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The media is the message: The role of journalism in mental health advocacy

Last week, Cliff Lonsdale of the Canadian Journalism Forum on Violence and Trauma introduced Mindset, a toolkit for journalists on reporting on mental health.

It was a good step forward in improving our collective understanding of mental illness, changing attitudes and eliminating the stigma and discrimination that prevent people from seeking the help they need.

The toolkit addresses the use of language, the engagement of people with lived experience, the complexities of mental disorders and the intersection of mental illness and the criminal justice system.

In today’s 24/7 news cycle it’s far too tempting to look for the easy way out, to write the quick story and to promote the sensationalized headline to captivate audiences. This poses a dilemma for a complex health issue.

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Innovation and mental health: What can social entrepreneurs teach us?

By Dr. Sean Kidd, Head of the Psychology Service of the CAMH Schizophrenia Program, Independent Clinician Scientist, and Assistant Professor with the McMaster and University of Toronto Departments of Psychiatry

Accessing mental health treatments and professionals is a pervasive problem in low income countries.

Along with the general lack of resources (such as one psychiatrist per million people), it is regularly found that uniform, top-down health interventions fail.

However, in the very settings where harsh political, social, and economic conditions would seem to represent a total impasse, compelling local examples of social innovation are coming to life.

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Trauma on the job: No shame in asking for help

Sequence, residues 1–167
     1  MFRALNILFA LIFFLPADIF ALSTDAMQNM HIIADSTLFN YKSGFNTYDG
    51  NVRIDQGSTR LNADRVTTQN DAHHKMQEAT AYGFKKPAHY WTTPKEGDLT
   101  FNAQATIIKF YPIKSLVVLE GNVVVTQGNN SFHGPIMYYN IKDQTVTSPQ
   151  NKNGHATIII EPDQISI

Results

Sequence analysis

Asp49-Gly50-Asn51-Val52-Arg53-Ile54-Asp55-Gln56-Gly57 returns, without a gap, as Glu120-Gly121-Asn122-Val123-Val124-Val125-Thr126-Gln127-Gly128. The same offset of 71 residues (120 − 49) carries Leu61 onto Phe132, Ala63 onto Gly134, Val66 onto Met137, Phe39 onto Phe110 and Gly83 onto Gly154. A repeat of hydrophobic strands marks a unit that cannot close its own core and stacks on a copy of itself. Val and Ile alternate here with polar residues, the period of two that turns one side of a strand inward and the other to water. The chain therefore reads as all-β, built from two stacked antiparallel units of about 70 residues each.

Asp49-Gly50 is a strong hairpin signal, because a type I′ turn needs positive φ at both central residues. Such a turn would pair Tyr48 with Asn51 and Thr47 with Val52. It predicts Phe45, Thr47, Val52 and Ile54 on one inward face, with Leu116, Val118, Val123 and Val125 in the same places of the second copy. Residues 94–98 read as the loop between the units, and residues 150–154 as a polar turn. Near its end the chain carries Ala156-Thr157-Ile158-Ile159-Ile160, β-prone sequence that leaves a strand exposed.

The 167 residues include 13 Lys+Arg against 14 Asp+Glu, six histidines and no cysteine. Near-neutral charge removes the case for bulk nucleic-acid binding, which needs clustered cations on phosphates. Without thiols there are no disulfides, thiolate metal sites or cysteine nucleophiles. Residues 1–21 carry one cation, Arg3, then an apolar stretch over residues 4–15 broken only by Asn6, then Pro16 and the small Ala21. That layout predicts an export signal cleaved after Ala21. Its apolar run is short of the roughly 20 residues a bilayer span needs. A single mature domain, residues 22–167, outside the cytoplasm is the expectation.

by Donna Ferguson, Psychologist with the WSIB Psychological Trauma Program

Military suicides and stories of police or paramedics suffering from post-traumatic stress disorder (PTSD) have increasingly become front-page news.

But behind the headlines, the suffering of those who come home from war zones or have treated a young child injured in a car accident only to have them die, is seen as taboo.

Despite their tough professional exteriors, these individuals carry scars which cannot be seen.

While the awareness of PTSD has increased, seeking treatment is not often an easy path for those who wrestle with recurring nightmares, avoidance and overall anxiety as a result of the trauma they faced on the job.

And one of the greatest barriers to treatment is shame.

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The evidence for CAMH going tobacco free

Evidence informs much of what we do in health care, and that is true not just for clinical interventions, but also for decisions like the implementation of a new organizational policy.

Understanding the evidence base for these types of initiatives can be particularly important when the issue is a challenging one that affects our staff, our clients, and our community.

CAMH’s decision to become a tobacco-free hospital is supported by research that speaks specifically to the issues involved in such a complex decision, and is particularly supported by new evidence that has come to light in the last five or six years. Understanding the link between evidence and policy is a key element to the success of our tobacco-free initiative, so we are committed to clear communication on the subject.

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Attempted suicide: Should police ever share this personal health information?

Remember Ellen Richardson’s story? She’s a Canadian citizen who was denied entry into the United States because of her history of mental illness.

When Ms. Richardson shared her story with the media, others came forward with experiences of discrimination based on their medical histories.  The incidents highlight the pervasive prejudice faced by people with mental illness every day.

How are U.S. border guards getting access to personal health information in the first place? This question was the focus of the Information and Privacy Commissioner’s (IPC) report, Crossing the Line: The Indiscriminate Disclosure of Attempted Suicide Information to U.S. Border Officials via CPIC, that was released today.

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